Show every natural number $n\geq 2$ has a prime factorization.


Base case: $2$ is prime, so it is its own prime factorization.

Inductive step: Suppose for all $k\geq 2$ and $k<n$, then $k$ has a prime factorization. Either $n$ is prime or not prime.

$\hspace{3cm}$ If prime:

$\hspace{4cm}$$n$ is its own prime factorization.

$\hspace{3cm}$ If not:

$\hspace{4cm}$$n=ab$ where $a,b>1$ and $a,b<n$,

so by the hypothesis of $\color{red}{\text{strong induction}}$$^{\dagger}$ $a,b$ both have a prime factorization, so their product is a prime factorization of $n$.

$$\text{MY QUESTION}$$

How can I prove this using the fact that every non-empty subset of $\mathbb{N}_0$ has a least element? Here, $\mathbb{N}_0$ is the set $\mathbb{N}\cup 0$. More specifically though, how can we use my definition for this (see below) to prove the $\color{blue}{\text{PROBLEM}}$?

$$(\forall {\scr{S}}\subseteq \mathbb{N}_0)[({\scr{S}}\neq \emptyset)\implies (\exists s\in{\scr{S}})[(\forall n\in{\scr{S}})(s \leq n)]]$$


$^{\dagger}$$\color{red}{Strong\text{ }induction}$:

$$\forall {\scr{P}}(n)[(\forall n\in \mathbb{N}_0)[(\forall k \in \mathbb{N}_{<n})(k\in {\scr{P}}(n))]\implies (n\in {\scr{P}}(n)) \implies (\forall n\in\mathbb{N}_0)(n\in {\scr{P}}(n))]$$

$\tiny{{\scr{P}}(n):=\text{"$n$ is in the set ${\scr{P}}$}}$

  • $\begingroup$ I may have made a mistake in my language/symbology. If so, let me know. $\endgroup$ – user121977 Jan 17 '14 at 6:29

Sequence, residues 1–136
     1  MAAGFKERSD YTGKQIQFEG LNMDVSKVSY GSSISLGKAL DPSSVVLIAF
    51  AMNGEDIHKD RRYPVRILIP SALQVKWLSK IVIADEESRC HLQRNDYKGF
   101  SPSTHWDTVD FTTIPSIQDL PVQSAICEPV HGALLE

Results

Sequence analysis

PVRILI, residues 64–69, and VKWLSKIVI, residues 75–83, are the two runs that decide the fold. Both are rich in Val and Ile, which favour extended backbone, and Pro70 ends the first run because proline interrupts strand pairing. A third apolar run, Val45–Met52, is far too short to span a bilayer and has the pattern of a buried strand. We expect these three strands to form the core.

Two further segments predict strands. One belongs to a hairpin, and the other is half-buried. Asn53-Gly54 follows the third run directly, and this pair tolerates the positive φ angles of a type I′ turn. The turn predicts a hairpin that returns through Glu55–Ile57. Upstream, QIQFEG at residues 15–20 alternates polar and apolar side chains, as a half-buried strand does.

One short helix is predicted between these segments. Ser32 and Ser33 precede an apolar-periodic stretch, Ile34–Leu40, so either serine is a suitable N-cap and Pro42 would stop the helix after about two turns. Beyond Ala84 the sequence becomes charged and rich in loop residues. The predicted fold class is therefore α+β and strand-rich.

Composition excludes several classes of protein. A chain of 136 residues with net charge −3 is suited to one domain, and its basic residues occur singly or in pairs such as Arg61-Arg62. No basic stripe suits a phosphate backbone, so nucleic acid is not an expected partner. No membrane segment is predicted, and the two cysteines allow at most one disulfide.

Suppose the claim is false and let $\;\emptyset\neq H\subset\Bbb N\setminus\{0,1\}\;$ be the set of all elements which have no prime factorization.

Let $\;h\in H\;$ be the first element in $\;H\;$ ; this element cannot be prime as then it'd be its own prime factorization, contradicting the fact that $\;h\in H\;$ . Thus, there exist $\;2\le a,b<h\;$ s.t. $\;ab=h\;$.

But $\;a,b<h\implies a,b\notin H\implies a,b\;$ have a prime factorization, and thus does $\;h\;$ ...

  • $\begingroup$ As written, this is almost correct. $H$ needs to be defined as the set of numbers without prime factorization except $0$ and $1$. $\endgroup$ – Asaf Karagila Jan 17 '14 at 7:38
  • $\begingroup$ Much better now! $\endgroup$ – Asaf Karagila Jan 17 '14 at 14:15
  • $\begingroup$ Done, @AsafKaragila. Thanks. One needs a logic/set theory guy once in a while to point the accurate stuff. $\endgroup$ – DonAntonio Jan 17 '14 at 14:15

Your Answer

By clicking “Post Your Answer”, you agree to our terms of service, privacy policy and cookie policy

Not the answer you're looking for? Browse other questions tagged or ask your own question.